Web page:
The information was disclosed in a filing with the Securities & Exchange Commission.
"While management believes [Nielsen's] cash flow will be sufficient to service its debt and to reinvest in its business," read the filing, "a substantial portion of [Nielsen's] cash flow will be dedicated to payments of interest on debt, thereby reducing funds available for other purposes such as investment in new technologies necessary to perform in the emerging television market."
WORRIES ABOUT RATES
"It's an astonishing admission and one that concerns us greatly," said David Poltrack, exec VP-research and planning for CBS-TV. "Here you have a monopoly service saying that a large part of its cash flow will be going to debt service at the expense of developing new ways to measure digital TV and the like. Does that mean they are going to have to raise their already substantial rates even more? It's a major warning."
Major broadcast networks pay Nielsen about $10 million annually for its audience rating services.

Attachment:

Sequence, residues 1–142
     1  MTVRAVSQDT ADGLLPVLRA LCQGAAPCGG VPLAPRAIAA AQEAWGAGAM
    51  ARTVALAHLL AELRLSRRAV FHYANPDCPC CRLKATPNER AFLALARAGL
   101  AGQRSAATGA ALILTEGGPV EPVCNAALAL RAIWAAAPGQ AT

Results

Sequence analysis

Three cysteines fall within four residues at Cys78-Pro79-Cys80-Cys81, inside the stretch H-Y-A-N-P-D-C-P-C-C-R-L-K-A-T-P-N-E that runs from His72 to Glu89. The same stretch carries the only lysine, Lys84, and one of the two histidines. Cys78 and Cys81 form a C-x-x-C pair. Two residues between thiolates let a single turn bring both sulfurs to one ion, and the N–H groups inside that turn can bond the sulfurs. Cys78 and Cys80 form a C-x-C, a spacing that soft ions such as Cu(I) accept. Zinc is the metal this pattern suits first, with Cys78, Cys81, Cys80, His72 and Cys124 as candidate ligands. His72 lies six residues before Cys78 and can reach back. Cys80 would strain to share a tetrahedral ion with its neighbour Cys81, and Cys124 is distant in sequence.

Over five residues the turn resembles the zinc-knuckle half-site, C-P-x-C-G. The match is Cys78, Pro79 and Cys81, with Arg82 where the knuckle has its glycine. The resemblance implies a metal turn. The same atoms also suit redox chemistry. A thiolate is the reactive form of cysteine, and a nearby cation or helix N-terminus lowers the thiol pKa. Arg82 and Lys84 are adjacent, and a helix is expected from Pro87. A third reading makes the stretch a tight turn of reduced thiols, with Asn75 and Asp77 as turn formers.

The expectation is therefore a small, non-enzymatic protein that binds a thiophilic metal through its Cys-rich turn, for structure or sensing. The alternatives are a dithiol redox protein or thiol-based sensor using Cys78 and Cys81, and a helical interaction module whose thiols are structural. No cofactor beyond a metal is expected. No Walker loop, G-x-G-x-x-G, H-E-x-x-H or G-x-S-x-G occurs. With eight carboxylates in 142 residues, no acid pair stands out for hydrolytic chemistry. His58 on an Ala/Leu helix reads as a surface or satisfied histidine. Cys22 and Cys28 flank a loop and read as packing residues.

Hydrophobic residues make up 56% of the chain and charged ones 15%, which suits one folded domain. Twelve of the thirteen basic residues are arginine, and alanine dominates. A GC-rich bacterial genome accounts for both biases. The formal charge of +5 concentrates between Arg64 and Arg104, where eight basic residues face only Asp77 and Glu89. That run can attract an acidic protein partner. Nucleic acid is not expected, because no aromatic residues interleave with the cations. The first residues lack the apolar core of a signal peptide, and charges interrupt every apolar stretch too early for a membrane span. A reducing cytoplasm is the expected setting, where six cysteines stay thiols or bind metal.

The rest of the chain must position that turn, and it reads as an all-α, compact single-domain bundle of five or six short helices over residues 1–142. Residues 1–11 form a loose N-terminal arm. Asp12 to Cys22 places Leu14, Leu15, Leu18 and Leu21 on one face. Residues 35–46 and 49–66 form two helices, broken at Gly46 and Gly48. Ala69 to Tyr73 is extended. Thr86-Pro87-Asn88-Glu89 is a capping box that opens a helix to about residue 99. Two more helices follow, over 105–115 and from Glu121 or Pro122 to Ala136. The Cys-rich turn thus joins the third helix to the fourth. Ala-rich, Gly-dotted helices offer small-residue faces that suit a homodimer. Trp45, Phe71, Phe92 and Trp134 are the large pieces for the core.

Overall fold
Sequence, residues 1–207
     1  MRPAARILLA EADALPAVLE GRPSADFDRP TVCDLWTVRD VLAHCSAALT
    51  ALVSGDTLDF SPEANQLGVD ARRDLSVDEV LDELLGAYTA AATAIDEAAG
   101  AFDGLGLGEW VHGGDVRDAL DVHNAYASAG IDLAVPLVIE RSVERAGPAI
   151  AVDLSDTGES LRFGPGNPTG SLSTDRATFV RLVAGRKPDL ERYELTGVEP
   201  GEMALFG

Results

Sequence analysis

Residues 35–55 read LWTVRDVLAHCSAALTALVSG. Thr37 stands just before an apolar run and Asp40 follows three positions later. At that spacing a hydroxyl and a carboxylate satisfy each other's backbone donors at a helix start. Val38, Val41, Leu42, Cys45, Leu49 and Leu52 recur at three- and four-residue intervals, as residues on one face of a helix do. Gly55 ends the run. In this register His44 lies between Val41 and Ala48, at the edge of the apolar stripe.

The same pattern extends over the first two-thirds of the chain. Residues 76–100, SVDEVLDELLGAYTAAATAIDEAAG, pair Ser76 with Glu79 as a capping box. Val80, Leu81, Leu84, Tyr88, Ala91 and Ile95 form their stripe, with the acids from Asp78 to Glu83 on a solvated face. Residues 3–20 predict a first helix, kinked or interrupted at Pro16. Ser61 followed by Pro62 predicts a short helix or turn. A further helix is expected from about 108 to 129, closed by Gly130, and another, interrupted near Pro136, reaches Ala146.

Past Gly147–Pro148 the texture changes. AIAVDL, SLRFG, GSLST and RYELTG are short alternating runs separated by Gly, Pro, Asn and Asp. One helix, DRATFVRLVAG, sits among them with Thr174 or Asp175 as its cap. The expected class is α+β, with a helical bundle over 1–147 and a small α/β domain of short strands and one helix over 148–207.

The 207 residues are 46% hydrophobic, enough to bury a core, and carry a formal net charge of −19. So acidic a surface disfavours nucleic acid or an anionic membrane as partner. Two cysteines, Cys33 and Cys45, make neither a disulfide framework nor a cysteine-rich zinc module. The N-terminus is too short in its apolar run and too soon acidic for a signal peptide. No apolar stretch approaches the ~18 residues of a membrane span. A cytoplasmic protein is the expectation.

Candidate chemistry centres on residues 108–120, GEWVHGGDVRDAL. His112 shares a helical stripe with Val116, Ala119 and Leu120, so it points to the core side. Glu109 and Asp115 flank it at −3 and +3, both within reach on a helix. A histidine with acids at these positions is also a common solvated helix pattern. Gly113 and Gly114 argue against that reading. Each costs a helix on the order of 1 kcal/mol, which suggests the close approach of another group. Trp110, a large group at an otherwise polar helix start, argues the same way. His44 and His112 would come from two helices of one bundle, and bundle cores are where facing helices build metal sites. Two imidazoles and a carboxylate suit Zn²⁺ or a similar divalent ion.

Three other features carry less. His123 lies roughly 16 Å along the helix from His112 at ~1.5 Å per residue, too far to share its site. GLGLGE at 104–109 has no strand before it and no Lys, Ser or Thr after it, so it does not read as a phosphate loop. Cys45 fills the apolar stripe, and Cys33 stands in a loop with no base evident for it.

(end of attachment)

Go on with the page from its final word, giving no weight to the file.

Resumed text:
Nicholas Schiavone, senior VP-research at NBC, said the revelation "suggests that any company negotiating with Nielsen would wonder about Nielsen's ability to perform satisfactory service across the board."
NBC is said to be negotiating a new contract with Nielsen; CBS and ABC have deals with Nielsen that last to 2000.
PROTECTING THE COMPANY
Jack Loftus, Nielsen's senior VP-communications, said Cognizant last week amended its statement after he was told of the wording by The Myers Report newsletter, which was doing a story on Nielsen.
The amended statement, submitted to the SEC, reads: "While management believes Nielsen Media Research's cash flow will be sufficient to service its debt and to invest in new technologies necessary to perform in the emerging television environment, a substantial portion of Nielsen Media Research's cash flow (an after tax amount equal to approximately 22% of its 1997 cash flow before financing activities) will be dedicated to payments of interest on debt, thereby reducing funds available for other purposes."
"We felt the original statement was misleading," said Mr. Loftus. The filing "is a legal document, and it's designed to protect the company" from future claims by investors.
"Nielsen ought to learn from Richard Nixon that it's hard to rewrite history, and probably even unwise," said Mr. Schiavone about the amended statement.
Nielsen will invest more money this year than ever before in business development-more than $60 million-Mr. Loftus said, adding that, when independent, it hopes to invest more than that amount.